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The Warsaw Voice » Special Sections » December 30, 2010
Grüne Woche Messe/Green Week Fair
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From the Editor
December 30, 2010   
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If you want to get to know a foreign country better, it is a good idea to start with a local marketplace. When you see piles of colorful vegetables and fruit, plucked poultry from small private farms, when you smell dill and cucumbers, you may very well be in Poland. Marketplaces in even the smallest Polish towns are stocked with just about everything you need to prepare a delicious and healthy meal.

The image of Poles that emerges from historical sources is that of feast-loving people who spared no expense to treat their guests and themselves to good food. While this bears testimony to traditional Polish hospitality, it could not have been good for our ancestors’ health. Even though these days people in Poland tend to count calories, make sure they eat natural and healthy products, avoid chemical preservatives, flavor enhancers, dyes and other additives, they still like to have a good, filling meal.

There are plenty of traditional Polish dishes around and probably even more new ones, adapted to the changing market and available ingredients. Polish people eat dishes inspired by Italian, Spanish and French cuisine. In the 16th century, Polish cuisine abounded in Italian products and ingredients, succeeded by French ones in the 18th century. Polish cuisine is heavily influenced by German cuisine, with a lot of Russian touches in eastern Poland and Hungarian in the south. It also takes generously from Jewish cuisine.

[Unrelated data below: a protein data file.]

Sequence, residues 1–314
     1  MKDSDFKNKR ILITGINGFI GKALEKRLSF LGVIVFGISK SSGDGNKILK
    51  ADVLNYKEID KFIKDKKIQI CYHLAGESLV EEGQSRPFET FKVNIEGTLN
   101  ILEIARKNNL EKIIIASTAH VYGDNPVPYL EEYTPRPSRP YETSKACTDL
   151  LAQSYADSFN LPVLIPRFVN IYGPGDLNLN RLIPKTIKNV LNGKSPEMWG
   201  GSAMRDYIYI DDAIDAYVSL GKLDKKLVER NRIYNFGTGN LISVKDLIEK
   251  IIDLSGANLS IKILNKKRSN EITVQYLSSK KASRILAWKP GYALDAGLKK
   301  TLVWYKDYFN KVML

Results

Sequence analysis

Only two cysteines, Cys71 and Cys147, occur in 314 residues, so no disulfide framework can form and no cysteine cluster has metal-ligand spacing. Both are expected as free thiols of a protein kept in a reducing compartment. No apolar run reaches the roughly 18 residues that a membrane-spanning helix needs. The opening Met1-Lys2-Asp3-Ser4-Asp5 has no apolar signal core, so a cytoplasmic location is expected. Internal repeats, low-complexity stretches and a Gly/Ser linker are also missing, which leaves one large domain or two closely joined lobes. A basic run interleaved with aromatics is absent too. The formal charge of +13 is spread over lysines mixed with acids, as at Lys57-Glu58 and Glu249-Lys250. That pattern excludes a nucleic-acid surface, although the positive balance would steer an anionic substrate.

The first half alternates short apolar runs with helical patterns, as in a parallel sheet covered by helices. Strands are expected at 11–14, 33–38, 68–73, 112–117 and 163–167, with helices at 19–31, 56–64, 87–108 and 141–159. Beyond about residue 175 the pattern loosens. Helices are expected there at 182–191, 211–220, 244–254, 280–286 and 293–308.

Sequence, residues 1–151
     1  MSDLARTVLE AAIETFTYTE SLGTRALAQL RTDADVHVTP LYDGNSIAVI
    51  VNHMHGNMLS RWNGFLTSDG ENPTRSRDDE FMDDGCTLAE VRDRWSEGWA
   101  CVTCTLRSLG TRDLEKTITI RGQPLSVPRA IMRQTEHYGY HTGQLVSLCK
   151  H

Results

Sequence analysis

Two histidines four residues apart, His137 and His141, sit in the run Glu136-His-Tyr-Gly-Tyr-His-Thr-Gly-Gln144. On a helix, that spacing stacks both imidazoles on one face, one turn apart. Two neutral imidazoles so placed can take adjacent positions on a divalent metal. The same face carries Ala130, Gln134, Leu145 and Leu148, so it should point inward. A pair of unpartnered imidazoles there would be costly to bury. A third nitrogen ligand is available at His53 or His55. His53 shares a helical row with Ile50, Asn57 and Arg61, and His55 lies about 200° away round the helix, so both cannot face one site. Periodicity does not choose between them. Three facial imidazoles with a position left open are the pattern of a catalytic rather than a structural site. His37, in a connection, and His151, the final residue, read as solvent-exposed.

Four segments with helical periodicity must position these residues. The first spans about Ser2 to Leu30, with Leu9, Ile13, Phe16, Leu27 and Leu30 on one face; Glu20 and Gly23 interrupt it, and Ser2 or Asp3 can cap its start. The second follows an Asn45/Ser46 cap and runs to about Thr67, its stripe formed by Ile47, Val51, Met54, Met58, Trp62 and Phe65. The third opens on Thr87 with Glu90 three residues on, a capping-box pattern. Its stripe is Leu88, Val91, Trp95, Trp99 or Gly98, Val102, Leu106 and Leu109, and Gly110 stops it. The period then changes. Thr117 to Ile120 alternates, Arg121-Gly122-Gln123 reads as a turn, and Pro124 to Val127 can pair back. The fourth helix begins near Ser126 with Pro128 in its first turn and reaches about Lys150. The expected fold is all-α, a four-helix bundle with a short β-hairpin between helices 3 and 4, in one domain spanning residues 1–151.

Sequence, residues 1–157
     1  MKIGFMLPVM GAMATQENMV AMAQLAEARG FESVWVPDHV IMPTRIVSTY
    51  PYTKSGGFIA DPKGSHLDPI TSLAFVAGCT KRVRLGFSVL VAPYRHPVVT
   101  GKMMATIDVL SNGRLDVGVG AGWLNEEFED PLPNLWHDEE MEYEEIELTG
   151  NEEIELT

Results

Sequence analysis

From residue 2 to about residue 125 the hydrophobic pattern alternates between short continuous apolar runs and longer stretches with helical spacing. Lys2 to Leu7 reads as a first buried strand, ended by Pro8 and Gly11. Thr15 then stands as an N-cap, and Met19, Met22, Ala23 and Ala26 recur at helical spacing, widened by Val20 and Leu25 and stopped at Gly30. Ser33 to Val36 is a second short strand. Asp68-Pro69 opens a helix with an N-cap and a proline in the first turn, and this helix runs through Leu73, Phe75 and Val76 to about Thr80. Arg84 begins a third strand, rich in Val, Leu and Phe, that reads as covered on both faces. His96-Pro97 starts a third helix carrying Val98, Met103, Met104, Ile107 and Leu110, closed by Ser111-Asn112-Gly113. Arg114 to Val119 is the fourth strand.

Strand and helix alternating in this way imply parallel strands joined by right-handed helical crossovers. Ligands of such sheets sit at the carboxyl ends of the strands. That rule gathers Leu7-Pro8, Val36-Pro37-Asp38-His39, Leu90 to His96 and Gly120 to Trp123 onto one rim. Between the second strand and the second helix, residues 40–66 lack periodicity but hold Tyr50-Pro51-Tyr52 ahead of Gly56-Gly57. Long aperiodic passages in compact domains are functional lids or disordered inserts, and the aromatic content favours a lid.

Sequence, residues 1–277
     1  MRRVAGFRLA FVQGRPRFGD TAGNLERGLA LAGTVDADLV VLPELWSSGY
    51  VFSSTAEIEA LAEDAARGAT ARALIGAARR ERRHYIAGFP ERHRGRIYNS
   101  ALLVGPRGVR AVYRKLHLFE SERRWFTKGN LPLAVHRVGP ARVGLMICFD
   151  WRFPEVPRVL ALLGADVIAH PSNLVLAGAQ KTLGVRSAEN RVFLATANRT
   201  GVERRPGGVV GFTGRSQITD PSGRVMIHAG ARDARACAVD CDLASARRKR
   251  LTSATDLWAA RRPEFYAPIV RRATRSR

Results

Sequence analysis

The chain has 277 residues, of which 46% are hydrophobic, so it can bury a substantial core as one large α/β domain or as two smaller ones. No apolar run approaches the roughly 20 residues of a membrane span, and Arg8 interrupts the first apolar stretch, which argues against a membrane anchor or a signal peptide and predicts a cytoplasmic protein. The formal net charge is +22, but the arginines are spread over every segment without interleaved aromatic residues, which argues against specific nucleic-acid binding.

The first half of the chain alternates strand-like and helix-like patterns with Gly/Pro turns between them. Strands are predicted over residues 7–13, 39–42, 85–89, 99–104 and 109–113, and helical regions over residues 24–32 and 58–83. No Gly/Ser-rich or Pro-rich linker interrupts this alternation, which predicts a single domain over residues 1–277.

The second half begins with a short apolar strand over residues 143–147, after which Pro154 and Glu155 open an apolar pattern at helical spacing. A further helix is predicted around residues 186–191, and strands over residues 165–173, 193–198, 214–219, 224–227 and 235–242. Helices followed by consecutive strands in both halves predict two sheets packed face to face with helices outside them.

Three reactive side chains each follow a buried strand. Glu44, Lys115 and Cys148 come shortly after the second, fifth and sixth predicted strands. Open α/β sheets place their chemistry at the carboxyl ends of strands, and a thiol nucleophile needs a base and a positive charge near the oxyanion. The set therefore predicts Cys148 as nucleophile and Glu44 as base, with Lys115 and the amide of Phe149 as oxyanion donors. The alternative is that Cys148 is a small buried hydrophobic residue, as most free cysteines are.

Polish cuisine is open to the world, featuring lots of characteristic dishes and ingredients. Other nations must be fond of it as well, judging by the crowds lining up in front of Polish stalls at various international trade fairs and exhibitions and waiting to try Polish specialties.

People in Poland also know how to turn good and healthy food into a profitable business. The agricultural sector accounts for around 5 percent of the country’s GDP, while the EU average is under 2 percent. Around 60 percent of the country’s area is cultivated and in this respect Poland is only outdone by France and Spain. Farmland occupies millions of hectares here and guarantees that fast food will not dominate the nation’s culinary imagination. A Pole might eat a hamburger every now and then, but genuine affection is reserved for more sophisticated dishes that will satisfy your taste buds and bring back fond memories. Such dishes are like the famous madeleines in Marcel Proust’s novel. By the way, one source claims madeleines are of Polish origin.

Zofia Szelińska
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